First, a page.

GORDON, John Watson
(b. 1788, Edinburgh, d. 1864, Edinburgh)
Scottish painter (born John Watson). He initially trained for the army and subsequently studied with David Wilkie under John Graham (1754-1817) at the Trustees' Academy in Edinburgh. He also learnt painting from his uncle, George Watson (1767-1837), and from Henry Raeburn, a close family friend, some of whose works he copied. Early pictures depicted historical and religious subjects, but he later turned to portraiture, becoming, after Raeburn's death in 1823, the leading Edinburgh portrait painter. From 1826 he called himself Watson Gordon to distinguish himself from three other Edinburgh artists called Watson.
He executed numerous versions of his portrait of Sir Walter Scott, of which the original unfinished study, made in 1830, is in the National Gallery of Scotland, and painted most of the Scottish celebrities of his time. Indeed many distinguished Englishmen visited Edinburgh to be portrayed by his hand. His productions are full of character, reserve, and dignity, excellent as likenesses, and especially successful when they portray faces distinguished by intellect or by Scotch shrewdness.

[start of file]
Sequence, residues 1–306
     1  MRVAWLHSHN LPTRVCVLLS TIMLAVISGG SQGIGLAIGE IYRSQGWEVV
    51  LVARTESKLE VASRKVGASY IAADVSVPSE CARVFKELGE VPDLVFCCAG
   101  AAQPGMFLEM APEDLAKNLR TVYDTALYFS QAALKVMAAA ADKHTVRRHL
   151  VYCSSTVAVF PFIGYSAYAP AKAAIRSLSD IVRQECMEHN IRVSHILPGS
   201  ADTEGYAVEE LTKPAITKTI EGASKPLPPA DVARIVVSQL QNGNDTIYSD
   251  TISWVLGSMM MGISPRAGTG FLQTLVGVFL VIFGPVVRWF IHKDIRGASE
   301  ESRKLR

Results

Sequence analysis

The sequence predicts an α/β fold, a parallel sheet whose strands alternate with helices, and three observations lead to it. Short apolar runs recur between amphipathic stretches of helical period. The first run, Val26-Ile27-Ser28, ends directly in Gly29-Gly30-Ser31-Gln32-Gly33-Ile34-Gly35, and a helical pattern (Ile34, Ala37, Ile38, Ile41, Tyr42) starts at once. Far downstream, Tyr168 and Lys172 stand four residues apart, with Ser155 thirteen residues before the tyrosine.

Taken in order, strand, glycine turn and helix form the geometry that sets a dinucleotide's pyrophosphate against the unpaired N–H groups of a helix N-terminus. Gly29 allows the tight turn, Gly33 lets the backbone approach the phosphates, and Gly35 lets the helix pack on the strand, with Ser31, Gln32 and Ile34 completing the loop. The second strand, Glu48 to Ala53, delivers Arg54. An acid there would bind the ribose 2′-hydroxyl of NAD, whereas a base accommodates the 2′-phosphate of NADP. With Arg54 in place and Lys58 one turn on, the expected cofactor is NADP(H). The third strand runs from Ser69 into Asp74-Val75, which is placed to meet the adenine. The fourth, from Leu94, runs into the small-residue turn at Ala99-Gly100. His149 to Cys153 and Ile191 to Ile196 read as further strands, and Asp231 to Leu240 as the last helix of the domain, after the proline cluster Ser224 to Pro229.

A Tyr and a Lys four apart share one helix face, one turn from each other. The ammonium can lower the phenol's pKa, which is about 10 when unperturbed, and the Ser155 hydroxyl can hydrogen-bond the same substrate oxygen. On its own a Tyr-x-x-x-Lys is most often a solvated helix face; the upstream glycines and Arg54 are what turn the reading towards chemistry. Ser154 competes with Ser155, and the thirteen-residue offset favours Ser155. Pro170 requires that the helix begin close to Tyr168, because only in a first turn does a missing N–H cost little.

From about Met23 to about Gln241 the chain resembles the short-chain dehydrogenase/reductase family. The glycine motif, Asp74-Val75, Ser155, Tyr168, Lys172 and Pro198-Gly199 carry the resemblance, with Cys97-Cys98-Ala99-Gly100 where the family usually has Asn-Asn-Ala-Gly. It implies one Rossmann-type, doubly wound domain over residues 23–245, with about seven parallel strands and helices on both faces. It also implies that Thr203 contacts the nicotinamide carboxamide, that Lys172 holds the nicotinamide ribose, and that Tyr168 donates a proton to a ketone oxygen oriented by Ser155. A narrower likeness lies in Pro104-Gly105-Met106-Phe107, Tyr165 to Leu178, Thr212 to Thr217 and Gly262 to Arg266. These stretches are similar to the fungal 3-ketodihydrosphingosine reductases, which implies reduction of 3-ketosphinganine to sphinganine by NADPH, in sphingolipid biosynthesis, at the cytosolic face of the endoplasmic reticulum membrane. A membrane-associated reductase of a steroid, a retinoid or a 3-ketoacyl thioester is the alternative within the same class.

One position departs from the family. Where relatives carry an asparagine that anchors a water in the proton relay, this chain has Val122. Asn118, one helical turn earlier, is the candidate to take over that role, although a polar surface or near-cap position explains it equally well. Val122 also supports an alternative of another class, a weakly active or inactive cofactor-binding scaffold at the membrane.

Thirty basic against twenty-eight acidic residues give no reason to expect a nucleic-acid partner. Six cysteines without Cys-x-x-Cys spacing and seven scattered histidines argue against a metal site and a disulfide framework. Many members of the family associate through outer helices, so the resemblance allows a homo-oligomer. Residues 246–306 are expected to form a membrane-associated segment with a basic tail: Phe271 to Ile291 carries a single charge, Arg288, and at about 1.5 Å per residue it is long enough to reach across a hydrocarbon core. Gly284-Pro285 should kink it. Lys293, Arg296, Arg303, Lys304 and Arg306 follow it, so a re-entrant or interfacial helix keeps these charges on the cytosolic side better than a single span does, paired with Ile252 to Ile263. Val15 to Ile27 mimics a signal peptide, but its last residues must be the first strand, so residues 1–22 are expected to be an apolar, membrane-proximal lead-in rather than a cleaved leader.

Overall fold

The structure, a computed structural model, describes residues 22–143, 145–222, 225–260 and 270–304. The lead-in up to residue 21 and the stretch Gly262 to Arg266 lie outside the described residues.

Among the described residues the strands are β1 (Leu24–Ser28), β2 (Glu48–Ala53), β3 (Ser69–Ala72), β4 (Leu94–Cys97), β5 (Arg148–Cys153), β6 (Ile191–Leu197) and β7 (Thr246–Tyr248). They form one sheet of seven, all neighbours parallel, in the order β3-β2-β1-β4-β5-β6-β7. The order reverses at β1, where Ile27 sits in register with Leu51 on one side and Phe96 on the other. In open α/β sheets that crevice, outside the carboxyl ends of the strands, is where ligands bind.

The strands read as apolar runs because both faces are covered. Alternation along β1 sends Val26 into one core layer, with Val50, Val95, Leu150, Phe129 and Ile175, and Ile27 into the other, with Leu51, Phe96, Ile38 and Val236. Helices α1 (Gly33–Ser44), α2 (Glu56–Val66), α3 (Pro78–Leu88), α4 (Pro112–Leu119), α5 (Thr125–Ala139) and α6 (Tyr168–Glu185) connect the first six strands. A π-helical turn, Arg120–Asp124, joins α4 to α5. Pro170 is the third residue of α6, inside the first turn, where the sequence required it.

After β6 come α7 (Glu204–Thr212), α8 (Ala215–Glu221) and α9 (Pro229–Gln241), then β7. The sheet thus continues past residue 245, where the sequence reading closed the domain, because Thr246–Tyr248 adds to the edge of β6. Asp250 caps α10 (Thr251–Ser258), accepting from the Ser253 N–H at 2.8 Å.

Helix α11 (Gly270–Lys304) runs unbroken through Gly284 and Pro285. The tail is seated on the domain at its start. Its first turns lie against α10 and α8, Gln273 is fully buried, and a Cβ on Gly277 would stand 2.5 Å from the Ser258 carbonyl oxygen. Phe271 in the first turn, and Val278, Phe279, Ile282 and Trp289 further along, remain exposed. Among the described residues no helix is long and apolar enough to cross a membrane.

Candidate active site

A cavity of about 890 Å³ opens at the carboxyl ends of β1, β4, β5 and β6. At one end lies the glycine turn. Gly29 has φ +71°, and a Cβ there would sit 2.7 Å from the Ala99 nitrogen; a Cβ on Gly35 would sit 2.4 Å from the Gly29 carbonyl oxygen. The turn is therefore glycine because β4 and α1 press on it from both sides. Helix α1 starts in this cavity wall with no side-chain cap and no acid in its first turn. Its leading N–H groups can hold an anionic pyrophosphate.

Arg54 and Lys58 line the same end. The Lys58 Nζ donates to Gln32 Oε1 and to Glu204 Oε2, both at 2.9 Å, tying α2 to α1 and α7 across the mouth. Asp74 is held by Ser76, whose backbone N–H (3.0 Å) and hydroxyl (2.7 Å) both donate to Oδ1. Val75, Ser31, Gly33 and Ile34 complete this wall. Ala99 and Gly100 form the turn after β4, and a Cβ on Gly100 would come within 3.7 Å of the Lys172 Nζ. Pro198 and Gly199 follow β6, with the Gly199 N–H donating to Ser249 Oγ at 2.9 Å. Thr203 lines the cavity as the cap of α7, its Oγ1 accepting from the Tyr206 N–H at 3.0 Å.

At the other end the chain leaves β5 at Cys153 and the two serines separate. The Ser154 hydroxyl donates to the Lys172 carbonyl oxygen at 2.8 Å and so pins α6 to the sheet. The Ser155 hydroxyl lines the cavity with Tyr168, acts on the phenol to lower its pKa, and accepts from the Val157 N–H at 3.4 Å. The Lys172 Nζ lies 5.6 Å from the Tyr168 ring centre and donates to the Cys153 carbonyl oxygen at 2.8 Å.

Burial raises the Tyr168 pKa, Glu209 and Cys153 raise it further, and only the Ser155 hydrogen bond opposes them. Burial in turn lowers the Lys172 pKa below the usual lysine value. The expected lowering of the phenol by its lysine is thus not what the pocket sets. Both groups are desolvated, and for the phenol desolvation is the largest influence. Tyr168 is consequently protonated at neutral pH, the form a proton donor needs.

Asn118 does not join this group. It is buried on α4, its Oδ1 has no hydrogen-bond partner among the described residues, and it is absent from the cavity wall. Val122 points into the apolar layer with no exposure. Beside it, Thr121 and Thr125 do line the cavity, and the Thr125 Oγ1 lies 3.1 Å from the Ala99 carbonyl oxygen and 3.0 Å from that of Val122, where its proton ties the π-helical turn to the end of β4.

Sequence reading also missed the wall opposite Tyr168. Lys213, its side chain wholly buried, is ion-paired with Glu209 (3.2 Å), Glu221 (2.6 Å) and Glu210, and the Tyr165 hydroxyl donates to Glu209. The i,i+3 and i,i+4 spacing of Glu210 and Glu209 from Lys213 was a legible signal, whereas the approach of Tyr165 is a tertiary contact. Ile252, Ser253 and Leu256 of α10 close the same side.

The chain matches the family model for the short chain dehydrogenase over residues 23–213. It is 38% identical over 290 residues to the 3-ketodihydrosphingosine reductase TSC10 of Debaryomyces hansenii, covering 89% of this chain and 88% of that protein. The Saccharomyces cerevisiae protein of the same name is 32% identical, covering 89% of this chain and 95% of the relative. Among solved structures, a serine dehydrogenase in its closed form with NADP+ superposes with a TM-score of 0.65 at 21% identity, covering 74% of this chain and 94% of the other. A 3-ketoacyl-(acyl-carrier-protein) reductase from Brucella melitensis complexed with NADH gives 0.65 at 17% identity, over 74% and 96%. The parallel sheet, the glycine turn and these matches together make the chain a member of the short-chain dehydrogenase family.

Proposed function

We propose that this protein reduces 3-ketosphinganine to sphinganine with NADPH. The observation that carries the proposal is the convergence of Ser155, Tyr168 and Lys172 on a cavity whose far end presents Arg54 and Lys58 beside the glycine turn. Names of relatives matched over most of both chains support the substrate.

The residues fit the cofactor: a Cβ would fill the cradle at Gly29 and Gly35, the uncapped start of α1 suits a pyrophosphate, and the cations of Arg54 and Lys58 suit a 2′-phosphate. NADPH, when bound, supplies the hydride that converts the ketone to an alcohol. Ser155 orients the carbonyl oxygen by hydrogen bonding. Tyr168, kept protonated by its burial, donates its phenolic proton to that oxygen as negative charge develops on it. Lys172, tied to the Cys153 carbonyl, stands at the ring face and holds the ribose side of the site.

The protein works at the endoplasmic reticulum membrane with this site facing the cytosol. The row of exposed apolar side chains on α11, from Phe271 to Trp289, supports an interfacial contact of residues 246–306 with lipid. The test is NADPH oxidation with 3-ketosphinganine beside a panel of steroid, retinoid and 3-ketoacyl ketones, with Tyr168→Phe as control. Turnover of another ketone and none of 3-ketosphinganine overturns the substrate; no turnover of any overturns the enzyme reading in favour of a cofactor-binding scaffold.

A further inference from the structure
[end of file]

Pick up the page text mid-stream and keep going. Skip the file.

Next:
He was one of the artists who were admitted members of the Scottish Academy in 1829, and he was represented in the exhibitions of that body from 1830 to 1865. In 1850 he was elected as President of the Academy, and shortly afterwards he was knighted. In 1851 he was elected a Royal Academician. and he exhibited in the Royal Academy from 1827 till his death.